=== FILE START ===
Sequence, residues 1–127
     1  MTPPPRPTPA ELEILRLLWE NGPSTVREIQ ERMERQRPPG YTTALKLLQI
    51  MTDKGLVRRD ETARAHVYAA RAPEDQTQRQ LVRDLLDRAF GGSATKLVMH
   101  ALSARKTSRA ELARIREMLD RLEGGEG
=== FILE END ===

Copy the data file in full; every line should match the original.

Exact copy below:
Sequence, residues 1–127
     1  MTPPPRPTPA ELEILRLLWE NGPSTVREIQ ERMERQRPPG YTTALKLLQI
    51  MTDKGLVRRD ETARAHVYAA RAPEDQTQRQ LVRDLLDRAF GGSATKLVMH
   101  ALSARKTSRA ELARIREMLD RLEGGEG